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From Lake Te Anau to Montana: Tim Wilson’s world of art

— August 2015

Associated media

Tim Wilson, Autumn Haze Lake Te Anau New Zealand. Oil on Berge Linen. 75cm x 150cm (Private collection, New Zealand).

New Zealand landscape artist Tim Wilson talks to Sue Ward

Having watched Tim Wilson in his studio, creating his wonderful landscapes, I wanted to know the story behind his career as a very successful landscape painter with his own gallery in Queenstown, NZ, now taking on more and more work in the USA. In May he completed a major commission that was installed at Yellowstone Club in Montana. It was a large piece depicting Yellowstone National Park and was a resounding success. Tim delivered and installed it himself, which is typical of this artist. At present his Queenstown gallery is closed until October. This is after an unprecedented fifth season sell-out; it will allow him time to complete his new series. 

Sue Ward: When did you first know that being an artist was the career for you?

Tim Wilson: I first discovered the wonderful joy of paint as a seven-year-old…but it was in my mid-teens that it became very obvious painting was to play a major role in my life. I truly began to understand the magical balance and weight of a paint brush and was 16 when I sold my first series of work.

SW: Where did you train as a painter?

TW:  I’ve had no formal training. I’m self-taught.

SW: Can you tell us the main influences on your art?

TW: It is obsessive compulsive behaviour…I’m influenced by pretty much everything that’s going on around me and always have been.  The way light falls on a surface has always fascinated me…Though I have to say, as a youngster, Monet stole my heart.

SW: Your paintings are on linen and sometimes have as much as 45 layers of paint, they are also quite large. How did you develop your style?

TW: The glazing techniques I use I’ve developed mostly by trial and error over many years.  I use transparent, translucent and interference pigments with my mediums to create an atmospheric that changes as the ambient light changes…often dramatically.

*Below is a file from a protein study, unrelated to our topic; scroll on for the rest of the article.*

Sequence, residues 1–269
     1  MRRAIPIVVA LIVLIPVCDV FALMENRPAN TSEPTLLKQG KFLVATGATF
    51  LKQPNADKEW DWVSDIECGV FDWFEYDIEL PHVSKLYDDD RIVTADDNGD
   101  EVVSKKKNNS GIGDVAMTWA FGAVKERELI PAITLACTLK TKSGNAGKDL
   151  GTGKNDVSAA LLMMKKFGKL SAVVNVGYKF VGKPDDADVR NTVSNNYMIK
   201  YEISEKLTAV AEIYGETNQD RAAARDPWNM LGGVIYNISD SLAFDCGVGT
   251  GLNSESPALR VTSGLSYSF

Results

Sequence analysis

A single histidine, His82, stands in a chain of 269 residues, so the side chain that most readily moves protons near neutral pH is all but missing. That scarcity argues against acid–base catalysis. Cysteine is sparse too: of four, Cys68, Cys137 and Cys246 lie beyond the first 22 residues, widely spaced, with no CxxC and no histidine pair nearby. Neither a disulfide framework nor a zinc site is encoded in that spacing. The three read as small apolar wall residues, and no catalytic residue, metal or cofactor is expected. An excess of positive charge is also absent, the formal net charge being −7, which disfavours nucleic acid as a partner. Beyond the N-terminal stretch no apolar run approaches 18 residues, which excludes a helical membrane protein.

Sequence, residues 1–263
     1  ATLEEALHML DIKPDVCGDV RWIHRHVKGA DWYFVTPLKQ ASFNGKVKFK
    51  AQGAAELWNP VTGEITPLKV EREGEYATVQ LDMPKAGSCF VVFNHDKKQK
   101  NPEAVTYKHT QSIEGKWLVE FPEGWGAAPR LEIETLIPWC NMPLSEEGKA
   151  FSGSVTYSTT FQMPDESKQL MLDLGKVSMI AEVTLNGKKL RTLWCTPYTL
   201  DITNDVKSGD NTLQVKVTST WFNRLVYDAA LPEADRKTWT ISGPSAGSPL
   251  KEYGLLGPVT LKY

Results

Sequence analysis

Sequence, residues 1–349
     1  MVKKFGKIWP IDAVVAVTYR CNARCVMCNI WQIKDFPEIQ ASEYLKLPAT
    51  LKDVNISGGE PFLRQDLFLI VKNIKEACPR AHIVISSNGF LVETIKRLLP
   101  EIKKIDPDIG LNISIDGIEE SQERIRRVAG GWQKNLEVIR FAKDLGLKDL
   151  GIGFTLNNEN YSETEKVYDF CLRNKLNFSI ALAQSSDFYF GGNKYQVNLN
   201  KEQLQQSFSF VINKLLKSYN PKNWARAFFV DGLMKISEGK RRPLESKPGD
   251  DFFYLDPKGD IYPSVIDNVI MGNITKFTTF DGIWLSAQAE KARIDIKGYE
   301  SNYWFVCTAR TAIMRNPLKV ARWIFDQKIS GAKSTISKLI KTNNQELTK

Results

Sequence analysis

SW: In New Zealand I was struck by the luminosity and sparkle of the air and atmosphere. You capture this so well in your paintings. Is this the reason behind the layering?

TW: The light in this part of the world is extraordinary…crystalline but with wonderful subtleties. It’s those subtleties I love so much…the subliminal elements are the most important parts of my work.

SW:  You mentioned Monet, who pained much of his work outdoors - 'en plein air' . Do you paint ‘en plein air’ or in the studio?

TW: I work primarily in the studio.

SW:  I was intrigued to see you in the gallery painting in front of the visitors. I go to a lot of commercial galleries and have never seen this before. Why do you do it?

TW: Working in the gallery often works for me. I love the contact and like to perform. It’s good to demystify the process.  People are often intimidated by art galleries and I like to be available.

SW  How long do your paintings take?

TW: A large work can take 18 months to complete.

SWWhich are your favourite places to paint, and are they all in NZ?

TW:While NZ and in particular the Southern lakes rivers and fiords are my primary focus I‘m being drawn more and more to the US.

SWFinally, what are your views on the contemporary art scene in New Zealand?Do NZ artists engage with their contemporaries in other countries, and do you feel that New Zealand art gets enough exposure abroad?
TW:  I really have no view in particular about where the New Zealand contemporary art scene sits in relation to the international market. I am seriously only interested in what I’m doing myself. As I said earlier it is entirely an obsessive compulsion for me.

SW:  Thank you for being so welcoming when I visited your gallery and saw your extraordinarily beautiful landscapes, and thank you for talking to Cassone.


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